Campus Units

Computer Science, Genetics, Development and Cell Biology

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Conference Proceeding


34th International Conference on Software Engineering (ICSE 2012)

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Accepted Manuscript

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Proceedings of the 34th International Conference on Software Engineering



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34th International Conference on Software Engineering (ICSE 2012)

Conference Date

June 2-9, 2012


Zurich, Switzerland


We propose an extension of van Lamsweerde's goal-oriented requirements engineering to the domain of programmable DNA nanotechnology. This is a domain in which individual devices (agents) are at most a few dozen nanometers in diameter. These devices are programmed to assemble themselves from molecular components and perform their assigned tasks. The devices carry out their tasks in the probabilistic world of chemical kinetics, so they are individually error-prone. However, the number of devices deployed is roughly on the order of a nanomole (a 6 followed by fourteen 0s), and some goals are achieved when enough of these agents achieve their assigned subgoals. We show that it is useful in this setting to augment the AND/OR goal diagrams to allow goal refinements that are mediated by threshold functions, rather than ANDs or ORs. We illustrate this method by engineering requirements for a system of molecular detectors (DNA origami “pliers” that capture target molecules) invented by Kuzuya, Sakai, Yamazaki, Xu, and Komiyama (2011). We model this system in the Prism probabilistic symbolic model checker, and we use Prism to verify that requirements are satisfied, provided that the ratio of target molecules to detectors is neither too high nor too low. This gives prima facie evidence that software engineering methods can be used to make DNA nanotechnology more productive, predictable and safe.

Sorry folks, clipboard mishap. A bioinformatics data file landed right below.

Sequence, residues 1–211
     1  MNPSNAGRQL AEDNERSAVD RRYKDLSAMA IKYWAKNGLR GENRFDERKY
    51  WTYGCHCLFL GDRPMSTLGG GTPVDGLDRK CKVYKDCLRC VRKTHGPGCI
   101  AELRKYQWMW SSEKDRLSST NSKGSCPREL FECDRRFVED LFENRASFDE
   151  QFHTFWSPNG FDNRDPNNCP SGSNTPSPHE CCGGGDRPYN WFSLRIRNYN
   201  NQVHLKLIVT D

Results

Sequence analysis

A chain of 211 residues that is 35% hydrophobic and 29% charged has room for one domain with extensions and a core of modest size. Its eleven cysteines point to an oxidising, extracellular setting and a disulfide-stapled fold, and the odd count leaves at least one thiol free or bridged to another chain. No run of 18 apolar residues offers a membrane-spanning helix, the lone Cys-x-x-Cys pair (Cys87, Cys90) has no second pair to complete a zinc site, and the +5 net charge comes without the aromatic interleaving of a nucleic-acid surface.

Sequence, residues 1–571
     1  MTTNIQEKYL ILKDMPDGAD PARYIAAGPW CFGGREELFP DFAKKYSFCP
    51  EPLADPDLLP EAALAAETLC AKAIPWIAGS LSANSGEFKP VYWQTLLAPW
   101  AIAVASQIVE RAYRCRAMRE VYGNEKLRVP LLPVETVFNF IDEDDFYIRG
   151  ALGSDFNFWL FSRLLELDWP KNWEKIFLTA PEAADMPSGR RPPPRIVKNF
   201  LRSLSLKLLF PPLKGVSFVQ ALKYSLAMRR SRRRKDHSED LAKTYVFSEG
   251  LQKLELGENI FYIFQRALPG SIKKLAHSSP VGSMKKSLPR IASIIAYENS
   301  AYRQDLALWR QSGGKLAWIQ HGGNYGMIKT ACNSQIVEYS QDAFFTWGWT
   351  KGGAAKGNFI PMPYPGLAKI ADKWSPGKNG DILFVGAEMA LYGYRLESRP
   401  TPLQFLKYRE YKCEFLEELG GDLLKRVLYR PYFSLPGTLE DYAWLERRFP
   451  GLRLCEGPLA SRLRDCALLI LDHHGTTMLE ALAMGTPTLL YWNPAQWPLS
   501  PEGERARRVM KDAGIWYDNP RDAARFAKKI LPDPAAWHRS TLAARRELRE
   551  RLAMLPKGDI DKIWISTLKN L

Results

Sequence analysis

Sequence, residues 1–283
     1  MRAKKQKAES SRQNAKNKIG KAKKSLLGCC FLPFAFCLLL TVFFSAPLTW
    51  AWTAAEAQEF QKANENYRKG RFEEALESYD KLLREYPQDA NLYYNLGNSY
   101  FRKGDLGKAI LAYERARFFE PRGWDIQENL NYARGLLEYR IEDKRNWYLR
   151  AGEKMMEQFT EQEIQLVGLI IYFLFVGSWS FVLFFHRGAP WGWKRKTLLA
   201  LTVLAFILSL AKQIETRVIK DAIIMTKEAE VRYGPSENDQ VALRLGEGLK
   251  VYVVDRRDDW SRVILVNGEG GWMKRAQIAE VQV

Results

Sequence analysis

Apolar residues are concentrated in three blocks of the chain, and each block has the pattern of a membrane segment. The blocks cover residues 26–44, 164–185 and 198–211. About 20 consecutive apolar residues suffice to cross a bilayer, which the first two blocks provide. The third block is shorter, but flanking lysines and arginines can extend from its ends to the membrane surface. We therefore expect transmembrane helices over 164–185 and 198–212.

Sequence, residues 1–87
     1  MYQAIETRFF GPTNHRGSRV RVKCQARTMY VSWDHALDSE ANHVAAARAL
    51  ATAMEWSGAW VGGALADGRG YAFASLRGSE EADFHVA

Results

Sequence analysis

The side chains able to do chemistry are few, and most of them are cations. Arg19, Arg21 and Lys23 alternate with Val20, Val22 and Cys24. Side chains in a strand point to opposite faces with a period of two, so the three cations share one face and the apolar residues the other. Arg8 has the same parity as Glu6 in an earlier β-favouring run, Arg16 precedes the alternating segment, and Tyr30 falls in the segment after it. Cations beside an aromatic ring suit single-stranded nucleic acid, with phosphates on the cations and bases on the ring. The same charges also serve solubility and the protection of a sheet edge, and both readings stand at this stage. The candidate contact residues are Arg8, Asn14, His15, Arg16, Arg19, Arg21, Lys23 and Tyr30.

This is a proceeding from 34th International Conference on Software Engineering 1 (2012): 1361, doi: 10.1109/ICSE.2012.6227079. Posted with permission.


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